The Internal Revenue Service (IRS) is finally able to accept e-filed amended returns in 2020, more than 30 years after the advent of the first electronic federal tax returns. Form 1040-X, which is used by taxpayers to replace original returns because of errors regarding status, income, or deductions, can be filed electronically as of August 2020. The IRS made the announcement in a news release on its website on May 28, 2020.
Taxpayers only have the option to electronically amend certain 2019 returns (Form 1040 and 1040-SR) as of October 2020, however.
The History of Electronic Filing
E-filing of standard returns was first made possible in 1986, when the internet was still in its infancy. IRS staff had to physically turn on a modem to accept returns at that time, and only about 25,000 returns were e-filed by five tax professionals that first year.
But e-filing has become the norm for most taxpayers in the ensuing decades, and a free electronic filing option was introduced for taxpayers who earned under a certain income in 2013. The Free File Alliance, a partnership between the agency and some established and well-known tax software providers, provides free e-filing and tax return preparation for taxpayers with 2020 gross adjusted incomes of less than $72,000.
The income threshold for Free File eligibility can be adjusted annually to keep pace for inflation. It might be higher in the 2021 tax year.
Although e-filing standard returns is routine for about 90% of taxpayers these days, applying that capability to the amended return required overcoming some “unique challenges,” the IRS said. The electronic return should nonetheless cut down on wait times and minimize errors, the agency said. The Electronic Tax Administration Advisory Committee (ETAAC) and the IRS Advisory Council (IRSAC) had recommended e-filing of amended returns for years.
What to Expect
Few things are as slow and tedious as filing a paper tax return through snail mail, and taxpayers have historically been instructed to wait at least three weeks after mailing an amended return to even think about checking its status. It could then take another 16 weeks for the IRS to actually process the form.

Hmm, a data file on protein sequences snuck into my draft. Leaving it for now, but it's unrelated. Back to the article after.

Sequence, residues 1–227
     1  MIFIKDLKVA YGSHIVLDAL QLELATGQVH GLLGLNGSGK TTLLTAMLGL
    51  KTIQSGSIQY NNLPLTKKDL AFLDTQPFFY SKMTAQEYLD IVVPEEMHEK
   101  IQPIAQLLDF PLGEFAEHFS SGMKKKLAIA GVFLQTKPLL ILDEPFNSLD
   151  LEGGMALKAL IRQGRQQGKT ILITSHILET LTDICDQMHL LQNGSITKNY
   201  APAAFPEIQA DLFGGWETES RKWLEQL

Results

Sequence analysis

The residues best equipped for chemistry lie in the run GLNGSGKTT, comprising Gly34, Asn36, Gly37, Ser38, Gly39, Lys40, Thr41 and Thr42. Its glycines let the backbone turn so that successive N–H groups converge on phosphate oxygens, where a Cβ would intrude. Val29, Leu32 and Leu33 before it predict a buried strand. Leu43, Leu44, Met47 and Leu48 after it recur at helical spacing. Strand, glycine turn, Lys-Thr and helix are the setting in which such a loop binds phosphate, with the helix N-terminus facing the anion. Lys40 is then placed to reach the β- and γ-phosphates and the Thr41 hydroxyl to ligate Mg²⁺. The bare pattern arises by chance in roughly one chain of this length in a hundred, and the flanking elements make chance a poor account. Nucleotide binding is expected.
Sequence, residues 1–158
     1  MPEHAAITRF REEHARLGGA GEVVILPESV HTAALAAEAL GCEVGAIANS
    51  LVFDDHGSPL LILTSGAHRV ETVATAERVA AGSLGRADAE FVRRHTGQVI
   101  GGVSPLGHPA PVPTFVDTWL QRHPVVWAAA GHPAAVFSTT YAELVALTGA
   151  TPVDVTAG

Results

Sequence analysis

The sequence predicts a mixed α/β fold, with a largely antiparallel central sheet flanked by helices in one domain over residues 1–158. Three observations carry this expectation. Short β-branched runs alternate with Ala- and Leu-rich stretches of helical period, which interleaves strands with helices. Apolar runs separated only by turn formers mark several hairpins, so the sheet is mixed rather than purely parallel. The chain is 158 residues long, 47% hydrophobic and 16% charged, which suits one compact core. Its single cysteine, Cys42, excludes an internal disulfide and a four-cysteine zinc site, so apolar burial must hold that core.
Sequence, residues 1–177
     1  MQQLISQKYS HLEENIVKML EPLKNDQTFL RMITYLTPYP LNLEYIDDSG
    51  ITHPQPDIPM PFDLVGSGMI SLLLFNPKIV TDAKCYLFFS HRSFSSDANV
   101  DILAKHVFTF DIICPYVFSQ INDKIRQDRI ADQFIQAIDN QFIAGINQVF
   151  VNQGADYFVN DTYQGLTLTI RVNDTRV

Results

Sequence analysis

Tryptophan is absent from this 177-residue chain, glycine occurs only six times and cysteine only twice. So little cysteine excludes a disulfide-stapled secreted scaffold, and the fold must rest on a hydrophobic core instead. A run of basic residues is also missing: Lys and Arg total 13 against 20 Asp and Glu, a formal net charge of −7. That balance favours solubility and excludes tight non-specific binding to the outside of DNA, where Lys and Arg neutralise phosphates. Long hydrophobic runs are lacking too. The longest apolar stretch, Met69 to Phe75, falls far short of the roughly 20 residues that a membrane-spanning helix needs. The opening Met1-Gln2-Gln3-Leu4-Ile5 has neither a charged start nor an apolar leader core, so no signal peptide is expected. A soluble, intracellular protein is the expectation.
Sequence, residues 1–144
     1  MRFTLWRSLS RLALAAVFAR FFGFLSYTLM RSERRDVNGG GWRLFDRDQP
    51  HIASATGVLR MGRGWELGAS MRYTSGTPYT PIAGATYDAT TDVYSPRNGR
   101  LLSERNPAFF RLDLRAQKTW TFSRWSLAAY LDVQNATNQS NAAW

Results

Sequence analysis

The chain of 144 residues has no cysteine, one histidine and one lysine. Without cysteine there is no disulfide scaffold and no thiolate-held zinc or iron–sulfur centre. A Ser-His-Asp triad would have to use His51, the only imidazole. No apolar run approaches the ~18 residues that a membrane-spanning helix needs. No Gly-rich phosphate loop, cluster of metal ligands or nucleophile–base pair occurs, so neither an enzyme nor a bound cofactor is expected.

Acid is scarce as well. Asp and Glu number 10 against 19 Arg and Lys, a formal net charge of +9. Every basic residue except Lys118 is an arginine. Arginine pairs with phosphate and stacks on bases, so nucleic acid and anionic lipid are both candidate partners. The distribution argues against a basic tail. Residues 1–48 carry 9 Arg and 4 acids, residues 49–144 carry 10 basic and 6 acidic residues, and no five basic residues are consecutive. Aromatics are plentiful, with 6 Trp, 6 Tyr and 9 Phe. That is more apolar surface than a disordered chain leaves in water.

"This new process is a major milestone for the IRS, and it follows hard work by people across the agency," IRS Commissioner Chuck Rettig said in the release.
The IRS warned in November 2020 that processing of paper returns is taking even longer during the ongoing coronavirus pandemic.
The IRS indicated on August 17, 2020 that e-filing of Forms 1040-X was available through tax software providers as of that date, and you can still mail in a paper Form 1040-X if you prefer—you're not limited to e-filing.
The standard advice on amended returns applies: Don’t amend your return to fix math errors. The IRS will take care of that for you. And don’t do it to include a form or schedule you forgot to submit. The IRS will request that from you after you’ve filed your original return and you can send it separately.
This doesn't require a whole revamping of your original Form 1040 unless you neglected to include schedules because you didn't claim a certain tax break that requires one. You should amend your return to claim missed tax breaks.
Taxpayers should amend returns to correct issues like claiming dependents, filing status, overlooked income, or overlooked or erroneous deductions and credits.
Taxpayers can continue to use the “Where’s My Amended Return?” tool on the IRS website or call 866-464-2050 to check on the status of their filing. The tool provides information on returns filed in the current year and three previous years. You'll need your Social Security number, your date of birth, and your zip code.
- Electronic filing of amended returns is available as of August 2020 through available tax software products.
- More than 90% of taxpayers already file their standard tax returns electronically.
- About 3 million taxpayers have been mailing in paper versions of the Form 1040-X each year, and processing can take months.
- The IRS has strongly urged taxpayers to file returns electronically because of closures and staff shortages associated with the coronavirus pandemic.